Most Historic Getaway: Trenton
History buffs will have a grand old time in New Jersey’s capital, which was briefly the US capital at the end of 1784. Learn the history of the Garden State at the New Jersey State Museum, where you can spend a whole day checking out fossils, fine art, and Native American artifacts. You can also get lost in space at the planetarium before you stroll over to the golden-domed New Jersey State House, the state’s most historic public building, or the Old Barracks Museum, a French and Indian War military barracks that celebrates colonial and revolutionary history. The 300-year-old William Trenton House, now a museum, also offers a look at life during the revolution. Or, for something off the beaten path, head to The Trenton City Museum at Ellarslie, a mansion in Cadwalader Park filled with rotating art exhibits focused on the city’s local history.
For some additional art history, head to the Grounds For Sculpture gardens where art and nature collide for one of a kind selfies. There are more than 270 sculptures from contemporary artists on display across 42 acres filled with exotic flora and fauna that make this a magical art experience. Grab a bite at the French-inspired Van Gogh Café where the ceiling is fashioned after The Starry Night, or order a picnic basket for two (must be placed 24 hours ahead) from the Peacock Café, a soup, salad, and sandwich joint.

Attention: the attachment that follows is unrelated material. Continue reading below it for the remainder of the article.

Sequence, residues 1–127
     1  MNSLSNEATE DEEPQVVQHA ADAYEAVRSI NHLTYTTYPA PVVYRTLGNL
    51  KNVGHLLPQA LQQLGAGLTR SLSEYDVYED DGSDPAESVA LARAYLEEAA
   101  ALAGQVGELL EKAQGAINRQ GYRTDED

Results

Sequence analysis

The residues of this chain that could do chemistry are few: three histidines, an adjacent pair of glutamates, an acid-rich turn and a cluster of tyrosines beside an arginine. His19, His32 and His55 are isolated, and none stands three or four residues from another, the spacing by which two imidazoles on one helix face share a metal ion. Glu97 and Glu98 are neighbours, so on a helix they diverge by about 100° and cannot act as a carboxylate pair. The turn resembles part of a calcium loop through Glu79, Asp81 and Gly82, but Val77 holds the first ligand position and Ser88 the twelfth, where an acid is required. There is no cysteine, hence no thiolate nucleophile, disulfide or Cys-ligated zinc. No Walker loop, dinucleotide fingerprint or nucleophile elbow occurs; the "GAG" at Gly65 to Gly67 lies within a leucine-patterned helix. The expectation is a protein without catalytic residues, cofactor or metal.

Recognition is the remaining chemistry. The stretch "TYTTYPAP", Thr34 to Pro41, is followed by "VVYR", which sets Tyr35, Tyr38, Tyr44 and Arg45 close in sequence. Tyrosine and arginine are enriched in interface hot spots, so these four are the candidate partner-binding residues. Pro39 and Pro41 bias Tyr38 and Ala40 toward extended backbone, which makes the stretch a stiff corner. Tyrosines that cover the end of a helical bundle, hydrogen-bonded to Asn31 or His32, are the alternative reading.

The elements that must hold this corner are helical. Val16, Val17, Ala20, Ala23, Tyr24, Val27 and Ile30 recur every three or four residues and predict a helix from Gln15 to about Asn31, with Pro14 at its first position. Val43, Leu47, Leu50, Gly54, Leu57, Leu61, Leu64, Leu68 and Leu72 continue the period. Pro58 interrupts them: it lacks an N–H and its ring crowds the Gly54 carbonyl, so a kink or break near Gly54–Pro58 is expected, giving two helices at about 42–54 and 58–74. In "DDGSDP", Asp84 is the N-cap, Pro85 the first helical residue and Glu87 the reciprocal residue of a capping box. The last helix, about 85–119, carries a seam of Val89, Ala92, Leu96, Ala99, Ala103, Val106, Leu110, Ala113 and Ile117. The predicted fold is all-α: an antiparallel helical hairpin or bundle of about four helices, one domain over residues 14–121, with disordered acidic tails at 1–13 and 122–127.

For something even simpler, try a slice at Papa’s Tomato Pies, established in Trenton in 1912. Now located in nearby Robbinsville Township, the best way to get to the self-described oldest continuously-run pizza restaurant in the USA is by car.
Trenton’s most historic and only downtown hotel (the first hotel in the capital’s center in 16 years) is now permanently closed, so for a good night’s stay, take the 15-minute drive to the very modern Element Ewing in Princeton. Drive five minutes further, and you’ll reach Princeton’s more stately Peacock Inn. Originally built in the 1700s, the inn briefly housed Albert Einstein and, according to lore, its basement, known as “Peacock Alley,” was a Prohibition-era speakeasy.
By public transit: Take the NJ Transit from Penn Station to Trenton Transit Center, a 90-minute ride.
By car: One hour, 15 minutes